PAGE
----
I struggle with modern popular culture sometimes. Whenever I walk into a record store or comic shop, I’m surrounded by a lack of originality. Posters with Dr. Who characters stylized as Peanuts characters, t-shirts with Walt and Jesse emblazoned on the logo from a 90s Batman cartoon series, coffee mugs with Marvel characters wearing Mickey Mouse ears. It all seems so esoteric to be ironic. I think, “Great! If I know someone who loves both Star Wars and Full House, I can get them this stupid mousepad.” It feels like a series of failed experiments where two atomic elements are being smashed together in the hopes of creating a new and exciting element. I don’t feel that way. It all just feels cheap and bastardizes pop art.
I understand that our art is inspired by our predecessors and what inspires us, but I cannot help but think my generation is failing at this. I recently read Elvis Costello’s memoir and he explored his early processes making music. Essentially, he would try to imitate what inspired him. He would fail at mirroring it exactly, but would create something new entirely. That makes a lot of sense to me and exemplifies art as an evolutionary process. However, I don’t see evidence of that when my social media feed consists half a dozen listicles featuring Disney princesses imagined as characters from Firefly, Star Trek, etc.
“Lotion” from Chicago very own Greenskeepers breaks through the cultural bullshit as an example pop culture appropriation done well. “Lotion” is a darkly witty tribute to the Buffalo Bill, the villain from the 1991 film Silence of the Lambs. The lead singer assumes the role of the murderous villain as he commands and serenades his victim. In the film, Buffalo Bill has kidnapped a woman and keeps her in a hole built in his basement. In order to fulfill his perverse fantasies, he demands the woman rubs on the lotion on her skin or else she will be subjected to punishment. All of this is foreplay leading to Buffalo Bill’s desired climax; wearing the woman’s skin and using her skull as a bowl.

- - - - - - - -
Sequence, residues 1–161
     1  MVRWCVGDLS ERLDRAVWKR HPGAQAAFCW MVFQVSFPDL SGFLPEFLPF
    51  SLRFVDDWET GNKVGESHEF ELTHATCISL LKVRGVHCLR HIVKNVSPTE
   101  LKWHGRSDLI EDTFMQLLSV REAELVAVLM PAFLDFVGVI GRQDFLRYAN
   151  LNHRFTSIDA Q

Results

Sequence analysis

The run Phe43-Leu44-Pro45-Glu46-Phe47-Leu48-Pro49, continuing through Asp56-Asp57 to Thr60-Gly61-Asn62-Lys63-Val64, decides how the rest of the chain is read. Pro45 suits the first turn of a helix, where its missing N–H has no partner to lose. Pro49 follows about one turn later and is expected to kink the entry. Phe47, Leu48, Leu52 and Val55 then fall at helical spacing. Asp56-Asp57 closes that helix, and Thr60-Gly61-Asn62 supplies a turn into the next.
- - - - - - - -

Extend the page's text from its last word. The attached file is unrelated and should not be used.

The film is incredibly dark, but the Greenskeepers manager to create a tinge of humor. Through the dry first-person delivery of the lead vocals, the clapping, and the indie guitar rhythms, the scene from the film is presented in a fresh way. It doesn’t feel labored or like the band was trying hard to appeal to a particular audience. It is a sinister sounding and really cool song all on it’s own. While it drew influences from a very famous film, it doesn’t cheapen the source of the reimagined final product. The whole listening experience feels tireless and serves as a testament to the creativity of the Chicago music.
Perhaps this is me getting older and complaining about kids these days. It is just too easy for someone to play armchair critic to people they don’t understand. And that is it. I don’t understand who finds these tchotchkes and (obvious) cash grabs interesting. I just don’t understand. Until the day that I do, I can just sit in my rocker and reminisce about things used to be while complaining about kids these days.